There are plenty of smart people out there who don’t know science, and plenty of socialized people who might not be smart. He had all of that in the same package.

What was your relationship with Sagan like?
We met only four times. So he was never a mentor. People think that, but that was not the case. But those four times were significant, so I think of him often, and they serve as a source of inspiration. The fact that he took the time for me [as a high school student] has shaped how I take time for students who reach out to me.

How did the new Cosmos come about?
After he died, I got a phone call from the board at the Planetary Society, an organization that he cofounded, asking me to join the board. That was a little bittersweet, because clearly the spot was vacated because of Sagan’s death. It was that acceptance that got me closer to his widow, Ann Druyan, who was a cowriter of the original series and is the writer of the current series. This is 1997, I think, and the conversation about doing Cosmos and continuing the Cosmos legacy had always been there. The question was, “How would we do it? Who would write? Who would be in it?” And Ann might have had other people in mind, I don’t know, but I knew it was something I could do, possibly uniquely, given my sentiment for Carl and the impact he had on science literacy in the country. And given the rising impact that I was having at the time, I felt, yeah, I can do this.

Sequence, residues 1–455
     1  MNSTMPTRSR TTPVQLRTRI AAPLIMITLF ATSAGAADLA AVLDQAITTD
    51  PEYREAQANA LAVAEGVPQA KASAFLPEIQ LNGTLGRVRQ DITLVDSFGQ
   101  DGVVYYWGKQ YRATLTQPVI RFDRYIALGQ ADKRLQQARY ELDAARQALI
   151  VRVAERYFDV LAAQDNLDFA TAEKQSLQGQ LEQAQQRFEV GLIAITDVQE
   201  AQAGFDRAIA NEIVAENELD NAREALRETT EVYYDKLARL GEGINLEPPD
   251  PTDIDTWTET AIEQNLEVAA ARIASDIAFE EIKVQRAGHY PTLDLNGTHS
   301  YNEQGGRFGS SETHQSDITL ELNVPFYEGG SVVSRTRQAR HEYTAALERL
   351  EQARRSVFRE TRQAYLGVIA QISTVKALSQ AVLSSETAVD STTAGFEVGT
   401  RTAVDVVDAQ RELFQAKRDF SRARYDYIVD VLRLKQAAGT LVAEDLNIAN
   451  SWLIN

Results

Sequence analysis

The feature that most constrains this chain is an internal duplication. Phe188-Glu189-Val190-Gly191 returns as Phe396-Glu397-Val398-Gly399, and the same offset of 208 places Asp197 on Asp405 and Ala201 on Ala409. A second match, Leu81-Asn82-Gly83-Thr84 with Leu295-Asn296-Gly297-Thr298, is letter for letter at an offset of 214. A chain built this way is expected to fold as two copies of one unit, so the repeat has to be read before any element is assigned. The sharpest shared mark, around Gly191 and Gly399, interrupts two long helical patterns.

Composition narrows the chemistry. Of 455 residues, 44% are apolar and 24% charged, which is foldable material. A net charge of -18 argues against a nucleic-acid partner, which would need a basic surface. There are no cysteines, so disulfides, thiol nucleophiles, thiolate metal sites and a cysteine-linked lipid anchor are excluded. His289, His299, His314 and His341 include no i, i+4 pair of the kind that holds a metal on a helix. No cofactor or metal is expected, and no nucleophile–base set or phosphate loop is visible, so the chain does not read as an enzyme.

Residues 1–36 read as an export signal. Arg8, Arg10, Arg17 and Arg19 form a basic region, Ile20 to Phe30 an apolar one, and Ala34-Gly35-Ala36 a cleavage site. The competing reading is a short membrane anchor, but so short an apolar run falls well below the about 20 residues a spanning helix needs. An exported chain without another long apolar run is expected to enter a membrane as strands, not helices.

So are there going to be shots of you walking by the beach with the breeze blowing through your hair?
Afros don’t respond to breezes. [Like Sagan] I embrace any occasion to address a camera lens to tell people what’s going on. [But] the fact is, we have stunning visuals knitted into stories of how and why science matters. So I’m on camera only if it’s really adding to that delivery.

Somebody has to man the helm of the spaceship of the imagination.
Yes. Those are some of the most fun scenes I filmed. The spaceship looks to the past, the present, and the future through portals in the ship. Of course, it’s all done with a green screen. But because I feel very close to the universe, when I’m describing what you’re seeing, even though I can’t see it, I can see it. In my head, it’s there. As we descend toward the sun’s surface, as we descend into strands of a DNA molecule, as we go to the limits of telescopic regions of the universe, I am there.

Seth MacFarlane, who is one of the producers of Cosmos, recently did an episode of his show Family Guy, where the dog, Brian, died but came back in some kind of time travel twist in space time. Were you consulted on that?
When Brian died, it was tragic, and I thought, “Well it would be sad if he’s not there because he’s a unique voice in the program.” Stewie had the time machine already, right? So the show had already involved time travel, so [I thought] if they bring him back, they would probably just pull something out of the walls like that. There is one episode I was consulted on, unknown to me at the time. [Seth and I] had lunch, and he asked me 20 questions on the space-time continuum and multiverses. Six months later, there’s a show. Stewie takes the time machine, goes back to before the big bang, in fact goes outside of the big bang, where he is neither in a time nor a place, and it’s out of that fluctuation in his time machine that the universe gets started. And at the end, an entire title card says: science consultant, neil degrasse tyson. Anytime I’m with Seth, he’s asking me questions about science and the universe. He’s just a curious guy.